Multipliers used in GHG accounting when calculating the carbon emissions profile of a given activity or process
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An emission factor is a multiplier used to standardize emissions data from different types of organizational activities, processes, or products.
For example, a management team might collect receipts for the year and know how many gallons of diesel were used in company vehicles, how many kilowatt hours of electricity were purchased to power company facilities, how many pounds of paper were used in operations, etc. But these numbers tell us nothing about the greenhouse gas emissions associated with any of those activities.
A greenhouse gas (GHG) inventory must be expressed using a common unit of measurement. In carbon accounting, that unit is tonnes of carbon dioxide equivalent (CO2e), so our example management team would use an emission factor that’s unique to diesel fuel, one that’s unique to electricity consumption, and another that’s unique to paper in order to arrive at the total amount of CO2e that was emitted by way of these organizational activities.
Emission factors have been validated for scientific accuracy and undergo rigorous study before being included in commonly used emission factor databases – such as the EPA’s Emissions Factors Hub.
Emission factors are used to generate a standardized unit of measurement to help understand an organization’s total emissions.
Emission factors are an integral part of GHG accounting and in measuring progress toward climate commitments.
Emission factors undergo rigorous scientific evaluation before being included in various public databases.
Why are Emission Factors Important?
Emission factors are a critical part of any GHG (or carbon) accounting exercise. Without emission factors, it would be impossible to calculate the emissions associated with the diverse and unique activities that an organization engages in (or products that the company produces, etc.).
Some key elements include:
“Apples-to-apples” performance benchmarking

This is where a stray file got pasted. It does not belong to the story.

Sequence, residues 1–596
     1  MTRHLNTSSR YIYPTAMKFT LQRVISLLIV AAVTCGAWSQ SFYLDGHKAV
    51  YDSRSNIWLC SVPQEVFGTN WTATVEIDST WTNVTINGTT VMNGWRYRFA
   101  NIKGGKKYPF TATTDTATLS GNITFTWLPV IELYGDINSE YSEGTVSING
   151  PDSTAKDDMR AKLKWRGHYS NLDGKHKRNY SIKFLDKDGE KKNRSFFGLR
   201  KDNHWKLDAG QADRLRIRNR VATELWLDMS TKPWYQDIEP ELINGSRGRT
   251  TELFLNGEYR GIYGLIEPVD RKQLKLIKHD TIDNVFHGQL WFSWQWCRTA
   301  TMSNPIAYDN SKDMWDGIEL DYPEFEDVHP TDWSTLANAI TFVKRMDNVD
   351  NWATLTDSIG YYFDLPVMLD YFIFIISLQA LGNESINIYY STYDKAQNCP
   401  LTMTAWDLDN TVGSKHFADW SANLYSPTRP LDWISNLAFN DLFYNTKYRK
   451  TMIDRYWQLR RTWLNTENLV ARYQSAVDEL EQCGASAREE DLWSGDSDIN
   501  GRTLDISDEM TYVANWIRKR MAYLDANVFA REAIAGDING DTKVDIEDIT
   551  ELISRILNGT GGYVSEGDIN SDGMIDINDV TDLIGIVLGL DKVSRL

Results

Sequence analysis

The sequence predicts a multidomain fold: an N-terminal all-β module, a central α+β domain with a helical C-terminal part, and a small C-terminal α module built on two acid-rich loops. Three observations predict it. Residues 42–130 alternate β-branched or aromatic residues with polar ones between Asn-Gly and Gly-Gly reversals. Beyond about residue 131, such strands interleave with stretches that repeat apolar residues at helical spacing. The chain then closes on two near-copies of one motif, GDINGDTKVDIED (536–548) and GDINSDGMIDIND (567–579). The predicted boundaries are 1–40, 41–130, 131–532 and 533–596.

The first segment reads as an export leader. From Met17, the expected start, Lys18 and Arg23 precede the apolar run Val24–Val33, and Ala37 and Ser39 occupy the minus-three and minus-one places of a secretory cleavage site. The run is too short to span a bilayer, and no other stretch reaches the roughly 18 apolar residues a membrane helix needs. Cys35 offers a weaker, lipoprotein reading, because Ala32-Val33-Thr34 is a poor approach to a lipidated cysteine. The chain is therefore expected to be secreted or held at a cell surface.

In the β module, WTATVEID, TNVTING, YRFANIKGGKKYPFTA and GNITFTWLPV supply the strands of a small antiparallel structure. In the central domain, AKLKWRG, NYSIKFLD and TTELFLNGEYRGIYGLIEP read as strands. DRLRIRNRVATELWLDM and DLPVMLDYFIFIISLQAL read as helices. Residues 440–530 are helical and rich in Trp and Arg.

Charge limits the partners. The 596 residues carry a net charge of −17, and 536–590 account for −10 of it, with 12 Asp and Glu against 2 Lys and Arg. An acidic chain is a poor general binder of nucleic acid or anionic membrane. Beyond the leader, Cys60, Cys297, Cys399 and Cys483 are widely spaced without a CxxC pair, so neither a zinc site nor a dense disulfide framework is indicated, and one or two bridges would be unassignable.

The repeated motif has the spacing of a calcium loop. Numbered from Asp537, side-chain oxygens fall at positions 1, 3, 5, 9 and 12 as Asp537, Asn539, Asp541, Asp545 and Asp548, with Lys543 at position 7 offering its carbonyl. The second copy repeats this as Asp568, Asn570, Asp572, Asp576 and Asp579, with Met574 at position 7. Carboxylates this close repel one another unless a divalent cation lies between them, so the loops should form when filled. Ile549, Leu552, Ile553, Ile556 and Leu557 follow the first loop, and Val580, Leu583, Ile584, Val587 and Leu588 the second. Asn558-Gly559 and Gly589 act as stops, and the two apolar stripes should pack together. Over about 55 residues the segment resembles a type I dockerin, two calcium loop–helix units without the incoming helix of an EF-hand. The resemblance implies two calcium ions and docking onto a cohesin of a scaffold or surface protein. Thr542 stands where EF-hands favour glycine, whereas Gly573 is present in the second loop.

Measuring performance in a vacuum doesn’t permit actionable insights; however, with a standardized unit of measurement like CO2e, management teams can assess performance over time and benchmark against their peer group(s).
For ESG outsiders, the notion of carbon accounting can seem both abstract and very daunting. Emission factors permit a really quick and easy way to translate information from disparate data sources into one common language, from which a common understanding can emerge.
Transparency and consistency
Emission factors provide the kind of transparency that’s necessary to support third parties that wish to verify, audit, or otherwise authenticate company emissions data. Impact claims are considerably more credible when applying a consistent framework, which includes the use of standardized emission factors; this helps avoid accusations of greenwashing.
What Does an Organization Use Emission Factors for?
Management teams employ emission factors to arrive at many key metrics and calculations that may be used in a variety of ways, including ESG disclosure to stakeholders as well as engagement with carbon markets.
Some important metrics include:
This refers to an organization’s total emissions, either GHG emissions (broadly) or carbon emissions (specifically); although both are expressed in tonnes of CO2e.
Is a relative metric; think of it as total emissions relative to something. It could be relative to total revenue, relative to the number of units produced, etc. Relative emission figures help the analyst community benchmark more effectively when comparing companies that are different sizes or that are perhaps growing at a different rate.
For example, an organization’s absolute emissions could be going up, but it may not be “bad.” Consider that its total emissions relative to sales may actually be going down because of significant improvements in efficiency (even though the company is growing its top line rapidly).
Neither absolute emissions nor emission intensity tells the whole story in isolation.
An emissions footprint refers to total scope 1, 2, and 3 emissions based on the organizational and operational boundaries that have been declared. Organizational and operational boundaries can be different, depending upon how ownership differs from control.
An organization’s handprint is a newer concept; it represents the emissions associated with the investment (or other capital allocation) decisions made by management.
The topic is gaining popularity with financial services firms, but it can also be meaningful for corporate development teams considering M&A opportunities. Depending on the context, “handprints” may include investments in and the development of physical assets (like property, plant, and equipment).
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